Monday, July 10, 2017

Big Washes

A common mistake I see in students' work is trying to depict every leaf and every blade of grass.  By doing that, textures start to take over and the focal point can be lost.  Rather I try to find the big planes and shapes in foliage.  I also find that in the front of the tree shapes warmer colors prevail, and as the clumps of leaves recede, I make them paler and cooler.    In the foreground grass area, I suggest the textures at the edges rather than making stripes of each blade.  This way, the eye has a place to rest.  Whisper the grassy areas; don't shout them to the detriment of the more important shapes in the painting.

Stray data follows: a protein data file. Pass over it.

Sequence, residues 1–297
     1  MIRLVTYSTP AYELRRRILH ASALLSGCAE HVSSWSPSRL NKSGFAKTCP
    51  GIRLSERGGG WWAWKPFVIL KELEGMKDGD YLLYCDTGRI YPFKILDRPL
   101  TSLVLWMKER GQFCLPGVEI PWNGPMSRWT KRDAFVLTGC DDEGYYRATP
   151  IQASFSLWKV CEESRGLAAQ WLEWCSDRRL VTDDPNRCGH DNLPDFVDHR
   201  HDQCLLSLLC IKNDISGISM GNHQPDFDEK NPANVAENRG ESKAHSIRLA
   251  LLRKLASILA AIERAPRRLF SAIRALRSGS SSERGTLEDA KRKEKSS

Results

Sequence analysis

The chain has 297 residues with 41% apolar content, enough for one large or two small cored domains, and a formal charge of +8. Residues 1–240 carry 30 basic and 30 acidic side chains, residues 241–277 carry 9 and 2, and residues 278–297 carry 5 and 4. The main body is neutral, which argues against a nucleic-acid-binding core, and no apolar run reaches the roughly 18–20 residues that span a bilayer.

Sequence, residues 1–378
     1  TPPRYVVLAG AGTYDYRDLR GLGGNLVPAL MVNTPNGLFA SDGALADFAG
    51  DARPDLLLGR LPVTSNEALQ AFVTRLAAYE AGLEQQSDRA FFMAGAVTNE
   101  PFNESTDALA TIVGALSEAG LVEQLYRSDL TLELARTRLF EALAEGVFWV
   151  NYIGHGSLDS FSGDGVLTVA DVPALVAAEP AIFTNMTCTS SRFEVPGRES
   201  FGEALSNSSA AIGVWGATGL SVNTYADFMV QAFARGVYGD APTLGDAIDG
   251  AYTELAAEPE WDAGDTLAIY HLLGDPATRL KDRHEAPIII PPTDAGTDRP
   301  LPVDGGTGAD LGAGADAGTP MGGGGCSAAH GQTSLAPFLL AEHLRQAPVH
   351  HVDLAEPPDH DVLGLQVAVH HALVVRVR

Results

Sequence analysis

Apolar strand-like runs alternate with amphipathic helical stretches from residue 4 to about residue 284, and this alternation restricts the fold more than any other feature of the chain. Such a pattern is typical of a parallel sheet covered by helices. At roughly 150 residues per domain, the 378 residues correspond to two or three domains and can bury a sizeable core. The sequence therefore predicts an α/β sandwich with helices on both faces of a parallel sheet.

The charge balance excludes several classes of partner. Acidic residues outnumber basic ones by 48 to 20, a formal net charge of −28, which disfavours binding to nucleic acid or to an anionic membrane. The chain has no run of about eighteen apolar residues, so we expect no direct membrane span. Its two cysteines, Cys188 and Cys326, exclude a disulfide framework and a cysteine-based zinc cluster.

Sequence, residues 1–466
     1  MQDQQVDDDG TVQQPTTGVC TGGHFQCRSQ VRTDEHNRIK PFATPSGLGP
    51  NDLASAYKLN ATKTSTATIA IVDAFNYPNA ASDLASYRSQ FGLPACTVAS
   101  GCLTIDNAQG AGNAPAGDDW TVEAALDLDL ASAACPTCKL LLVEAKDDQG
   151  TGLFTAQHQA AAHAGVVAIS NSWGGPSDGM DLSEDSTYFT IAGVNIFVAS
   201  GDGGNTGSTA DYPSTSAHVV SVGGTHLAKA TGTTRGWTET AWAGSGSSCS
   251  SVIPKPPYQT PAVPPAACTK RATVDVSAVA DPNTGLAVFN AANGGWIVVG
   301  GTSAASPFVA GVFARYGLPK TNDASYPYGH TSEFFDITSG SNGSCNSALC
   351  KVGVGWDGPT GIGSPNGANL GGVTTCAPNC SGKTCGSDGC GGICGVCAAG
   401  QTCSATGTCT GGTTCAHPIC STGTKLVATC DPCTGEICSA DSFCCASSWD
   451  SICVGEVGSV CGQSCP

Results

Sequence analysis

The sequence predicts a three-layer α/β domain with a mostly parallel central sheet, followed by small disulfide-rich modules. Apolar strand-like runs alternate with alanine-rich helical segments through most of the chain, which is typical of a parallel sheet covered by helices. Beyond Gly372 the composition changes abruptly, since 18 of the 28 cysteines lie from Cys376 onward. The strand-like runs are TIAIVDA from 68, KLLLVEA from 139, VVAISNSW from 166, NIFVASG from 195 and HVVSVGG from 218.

I painted the sky shape wet-into-wet with a couple of color changes.  The tree trunks were my focal point and rather than painting them a uniform gray or brown, I painted them wet-into-wet as well, making lots of color changes
along the way.  The two sailboats are there to break the horizontal line of the horizon and stop the eye from wandering off the page.

Big flat washes, painted wet-into-wet, textures around the focal point, and clumps of foliage rather than a lot of unconnected dots to represent the leaves.  Non textured sky, sea and foreground grass in sunlight keeps the color and values around the trunks interesting.

Please like if you find these tips helpful!

No comments:

Post a Comment